It is however important to be both realistic and pragmatic when analysing defence spending cuts. Reduced budgets are not unique to the military, and ring-fencing one budget will always be to the detriment of another. Any future force orientations must therefore take into account the limitations of diminished resources, including decreased numbers of air transport craft. There is little point maintaining the 8,000 troops of the 16AA for example, if you lack the ability to move them by air. Neither is it likely that the UK will need to deploy such a large number of troops any time soon, especially in the years following the British withdrawal from Afghanistan at the end of 2014. It must be remembered, that even with the cuts, the British military budget, according to the IISS, remains the largest in the EU, with forces that are arguably the best trained and equipped outside of the United States. Although questions must certainly be asked about where cuts should be made, and the most effective methods of utilising them, it serves little purpose arguing for increased resources that do not exist. It is also telling, that a sizable number of individuals calling for renewed spending are those with a clear vested interest in maintaining military expenditure. In contrast, only 7% of the general public surveyed in a June 2014 Ipsos MORI poll considered defence and foreign affairs to be an important issue faced by the United Kingdom.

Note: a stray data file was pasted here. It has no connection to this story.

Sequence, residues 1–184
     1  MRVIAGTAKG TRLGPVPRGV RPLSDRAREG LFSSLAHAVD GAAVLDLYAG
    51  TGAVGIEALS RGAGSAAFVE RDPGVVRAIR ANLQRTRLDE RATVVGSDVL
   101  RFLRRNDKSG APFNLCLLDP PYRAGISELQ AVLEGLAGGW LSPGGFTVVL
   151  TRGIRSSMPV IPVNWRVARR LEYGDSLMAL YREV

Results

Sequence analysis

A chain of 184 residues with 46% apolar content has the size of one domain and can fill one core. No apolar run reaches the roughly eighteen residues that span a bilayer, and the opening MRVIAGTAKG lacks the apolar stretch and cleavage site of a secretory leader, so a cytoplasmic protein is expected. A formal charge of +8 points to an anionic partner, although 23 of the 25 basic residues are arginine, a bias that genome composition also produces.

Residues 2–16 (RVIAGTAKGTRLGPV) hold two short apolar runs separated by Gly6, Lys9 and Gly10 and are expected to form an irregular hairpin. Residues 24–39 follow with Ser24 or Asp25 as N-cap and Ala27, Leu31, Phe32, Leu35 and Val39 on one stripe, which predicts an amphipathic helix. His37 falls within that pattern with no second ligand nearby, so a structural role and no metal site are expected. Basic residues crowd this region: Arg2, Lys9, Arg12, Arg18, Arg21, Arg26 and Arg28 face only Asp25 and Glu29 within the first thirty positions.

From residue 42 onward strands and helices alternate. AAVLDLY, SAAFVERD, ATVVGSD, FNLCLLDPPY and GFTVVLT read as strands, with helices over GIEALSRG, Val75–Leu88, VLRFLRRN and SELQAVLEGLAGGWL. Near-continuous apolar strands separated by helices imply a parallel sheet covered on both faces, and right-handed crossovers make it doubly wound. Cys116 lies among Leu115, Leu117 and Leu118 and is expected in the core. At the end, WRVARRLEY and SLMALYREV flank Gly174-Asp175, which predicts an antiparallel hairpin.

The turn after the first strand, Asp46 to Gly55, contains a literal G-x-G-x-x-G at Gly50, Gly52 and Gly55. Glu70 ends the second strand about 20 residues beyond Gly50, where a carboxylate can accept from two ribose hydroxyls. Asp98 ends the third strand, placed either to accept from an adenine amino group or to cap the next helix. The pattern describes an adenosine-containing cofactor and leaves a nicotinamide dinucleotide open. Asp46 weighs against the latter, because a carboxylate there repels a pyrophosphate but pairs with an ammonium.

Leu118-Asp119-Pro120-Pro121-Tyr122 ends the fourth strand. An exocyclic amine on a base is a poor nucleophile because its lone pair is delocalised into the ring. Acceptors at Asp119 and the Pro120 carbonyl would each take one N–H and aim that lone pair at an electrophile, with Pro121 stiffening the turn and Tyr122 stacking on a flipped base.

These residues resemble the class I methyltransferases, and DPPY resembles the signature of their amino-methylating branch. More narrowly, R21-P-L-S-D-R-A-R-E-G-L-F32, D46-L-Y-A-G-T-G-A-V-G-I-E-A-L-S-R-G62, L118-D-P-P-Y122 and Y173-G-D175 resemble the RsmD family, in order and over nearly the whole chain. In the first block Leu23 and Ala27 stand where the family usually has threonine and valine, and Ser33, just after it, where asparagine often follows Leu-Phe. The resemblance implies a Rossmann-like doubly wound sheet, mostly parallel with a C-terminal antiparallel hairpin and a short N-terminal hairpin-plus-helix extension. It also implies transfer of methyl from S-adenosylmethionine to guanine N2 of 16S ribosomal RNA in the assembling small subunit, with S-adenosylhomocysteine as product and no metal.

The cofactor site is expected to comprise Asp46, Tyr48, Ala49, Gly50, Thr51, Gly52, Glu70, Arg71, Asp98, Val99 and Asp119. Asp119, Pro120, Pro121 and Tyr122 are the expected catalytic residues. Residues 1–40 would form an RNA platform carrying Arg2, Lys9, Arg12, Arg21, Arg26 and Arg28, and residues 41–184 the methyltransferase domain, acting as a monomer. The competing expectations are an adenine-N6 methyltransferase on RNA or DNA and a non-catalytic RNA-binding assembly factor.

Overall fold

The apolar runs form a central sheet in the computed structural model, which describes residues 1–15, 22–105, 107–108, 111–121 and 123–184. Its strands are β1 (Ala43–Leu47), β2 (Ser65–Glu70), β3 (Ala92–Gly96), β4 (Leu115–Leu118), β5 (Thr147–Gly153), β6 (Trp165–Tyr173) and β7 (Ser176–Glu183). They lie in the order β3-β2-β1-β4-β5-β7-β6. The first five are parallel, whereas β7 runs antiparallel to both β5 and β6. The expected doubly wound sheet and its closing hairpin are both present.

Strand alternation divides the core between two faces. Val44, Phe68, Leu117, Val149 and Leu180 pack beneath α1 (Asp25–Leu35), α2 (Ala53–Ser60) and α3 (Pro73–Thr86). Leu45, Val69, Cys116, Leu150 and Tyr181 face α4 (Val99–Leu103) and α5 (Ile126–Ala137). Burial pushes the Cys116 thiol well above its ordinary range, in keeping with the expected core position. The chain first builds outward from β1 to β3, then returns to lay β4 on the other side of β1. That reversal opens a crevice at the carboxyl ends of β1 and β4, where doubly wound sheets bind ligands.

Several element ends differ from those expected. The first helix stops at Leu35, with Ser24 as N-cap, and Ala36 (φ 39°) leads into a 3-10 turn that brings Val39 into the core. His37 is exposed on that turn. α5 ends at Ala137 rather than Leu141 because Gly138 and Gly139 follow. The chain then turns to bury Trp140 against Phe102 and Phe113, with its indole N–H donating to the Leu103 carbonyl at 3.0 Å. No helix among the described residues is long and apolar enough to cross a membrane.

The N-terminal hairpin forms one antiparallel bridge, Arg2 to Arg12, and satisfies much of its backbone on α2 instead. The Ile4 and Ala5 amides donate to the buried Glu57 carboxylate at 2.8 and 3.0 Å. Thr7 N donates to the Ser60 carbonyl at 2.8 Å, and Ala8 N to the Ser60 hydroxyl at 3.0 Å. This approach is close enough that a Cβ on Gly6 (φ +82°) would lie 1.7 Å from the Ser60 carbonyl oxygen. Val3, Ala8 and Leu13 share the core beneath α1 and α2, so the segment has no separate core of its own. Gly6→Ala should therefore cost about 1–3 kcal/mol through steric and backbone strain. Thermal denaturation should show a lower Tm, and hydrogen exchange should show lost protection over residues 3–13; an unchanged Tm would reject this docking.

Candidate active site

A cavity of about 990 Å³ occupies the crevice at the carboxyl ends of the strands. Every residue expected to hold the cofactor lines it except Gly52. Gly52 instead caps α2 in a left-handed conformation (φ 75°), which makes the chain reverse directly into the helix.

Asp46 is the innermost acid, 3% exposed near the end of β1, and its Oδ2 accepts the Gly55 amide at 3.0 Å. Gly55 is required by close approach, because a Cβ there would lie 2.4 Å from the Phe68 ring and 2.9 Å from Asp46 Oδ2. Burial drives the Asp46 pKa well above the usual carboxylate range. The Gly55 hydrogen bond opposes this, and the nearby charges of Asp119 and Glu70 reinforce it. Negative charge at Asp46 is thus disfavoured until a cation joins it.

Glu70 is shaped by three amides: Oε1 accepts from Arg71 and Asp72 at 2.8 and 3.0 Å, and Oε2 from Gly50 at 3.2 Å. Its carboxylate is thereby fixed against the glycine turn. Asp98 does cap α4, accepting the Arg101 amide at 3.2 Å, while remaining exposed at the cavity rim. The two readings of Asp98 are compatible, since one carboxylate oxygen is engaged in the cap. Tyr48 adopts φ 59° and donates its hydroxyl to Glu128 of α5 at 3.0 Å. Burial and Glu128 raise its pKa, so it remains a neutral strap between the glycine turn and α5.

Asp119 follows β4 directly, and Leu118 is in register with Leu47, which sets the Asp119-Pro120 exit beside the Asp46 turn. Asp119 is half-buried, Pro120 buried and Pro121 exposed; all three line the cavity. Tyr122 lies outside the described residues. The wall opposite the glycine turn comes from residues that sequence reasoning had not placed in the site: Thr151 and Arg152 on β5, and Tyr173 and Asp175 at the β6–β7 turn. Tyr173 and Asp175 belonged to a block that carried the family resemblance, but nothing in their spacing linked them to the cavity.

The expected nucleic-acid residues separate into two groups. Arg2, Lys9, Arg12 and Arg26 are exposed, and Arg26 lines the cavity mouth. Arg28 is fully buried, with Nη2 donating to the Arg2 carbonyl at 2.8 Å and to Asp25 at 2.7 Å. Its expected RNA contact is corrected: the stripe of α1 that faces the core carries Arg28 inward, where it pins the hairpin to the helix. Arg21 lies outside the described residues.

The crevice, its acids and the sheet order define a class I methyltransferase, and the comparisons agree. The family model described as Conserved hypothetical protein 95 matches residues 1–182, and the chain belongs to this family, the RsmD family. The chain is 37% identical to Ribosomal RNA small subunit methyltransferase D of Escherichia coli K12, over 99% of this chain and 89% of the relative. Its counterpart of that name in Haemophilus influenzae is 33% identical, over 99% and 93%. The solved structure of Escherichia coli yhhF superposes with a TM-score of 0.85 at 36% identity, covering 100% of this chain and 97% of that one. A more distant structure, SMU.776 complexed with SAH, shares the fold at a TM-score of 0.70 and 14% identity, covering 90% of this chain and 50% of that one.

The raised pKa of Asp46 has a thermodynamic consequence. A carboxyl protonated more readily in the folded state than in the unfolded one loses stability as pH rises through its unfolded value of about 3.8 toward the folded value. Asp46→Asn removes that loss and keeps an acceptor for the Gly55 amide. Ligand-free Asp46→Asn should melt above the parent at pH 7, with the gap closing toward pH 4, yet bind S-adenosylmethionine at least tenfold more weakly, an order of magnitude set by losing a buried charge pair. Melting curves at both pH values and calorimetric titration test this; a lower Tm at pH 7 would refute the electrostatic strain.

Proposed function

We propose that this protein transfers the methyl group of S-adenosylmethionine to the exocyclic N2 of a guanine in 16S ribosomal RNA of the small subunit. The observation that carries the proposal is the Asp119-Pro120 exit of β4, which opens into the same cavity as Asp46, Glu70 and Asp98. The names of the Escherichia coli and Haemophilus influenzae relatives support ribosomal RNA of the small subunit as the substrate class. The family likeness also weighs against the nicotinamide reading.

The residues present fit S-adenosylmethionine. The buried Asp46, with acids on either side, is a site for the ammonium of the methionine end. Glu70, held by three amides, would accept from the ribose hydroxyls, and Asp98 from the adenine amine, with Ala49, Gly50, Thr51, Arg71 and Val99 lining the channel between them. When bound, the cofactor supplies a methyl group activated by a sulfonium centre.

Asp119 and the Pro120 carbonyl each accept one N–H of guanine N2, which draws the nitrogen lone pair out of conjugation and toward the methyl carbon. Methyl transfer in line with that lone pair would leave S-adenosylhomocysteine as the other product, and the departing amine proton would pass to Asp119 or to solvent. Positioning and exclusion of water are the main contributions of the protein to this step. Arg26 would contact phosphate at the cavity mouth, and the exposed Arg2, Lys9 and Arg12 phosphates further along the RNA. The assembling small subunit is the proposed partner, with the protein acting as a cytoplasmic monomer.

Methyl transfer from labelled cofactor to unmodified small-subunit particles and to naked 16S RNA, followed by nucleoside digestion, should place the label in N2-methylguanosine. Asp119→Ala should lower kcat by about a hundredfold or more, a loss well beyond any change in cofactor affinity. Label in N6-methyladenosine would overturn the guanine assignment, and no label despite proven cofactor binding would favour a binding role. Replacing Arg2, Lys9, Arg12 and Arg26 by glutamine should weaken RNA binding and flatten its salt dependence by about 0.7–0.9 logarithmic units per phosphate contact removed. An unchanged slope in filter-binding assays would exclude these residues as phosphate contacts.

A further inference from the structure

It is also debateable whether bold military interventions in sovereign nations, of which we will soon be purportedly less able to undertake, serve to improve or harm British security. One must only look at the current situation in Iraq to glimpse the potential repercussions of ill judged military operations abroad. The UK must therefore be far more selective when deciding how best to utilise its limited resources, and where to deploy them. It must be accepted that we can no longer afford to support such a large globally deployable military. Instead, we must concentrate on providing a smaller, yet still capable force that continues to punch well above its weight on the geopolitical stage.
Although elite units such as the Parachute Regiment have a long and illustrious history, one must be pragmatic when considering their role in potential operations in the future. Considering that they have not been utilised in their designated operational role since 1956, it is debateable whether or not it is prudent to maintain a substantial parachute capability. Fundamentally, cuts to any branch of the military are going to be protested by those that they negatively effect. When approaching the issue, we must be realistic in accepting that cuts both will happen, and must happen, if we are to take control of ever-stretched public finances. If approached as positively and constructively as possible, the process offers an opportunity to modernise and restructure our armed forces, providing a more sustainable and efficient military in the future.
N J Watts (not to be confused with Nick Watts, Deputy Director General of the U K Defence Forum) holds a B.Sc. in Politics from Cardiff University and an M.Sc. in International Security from the University of Bristol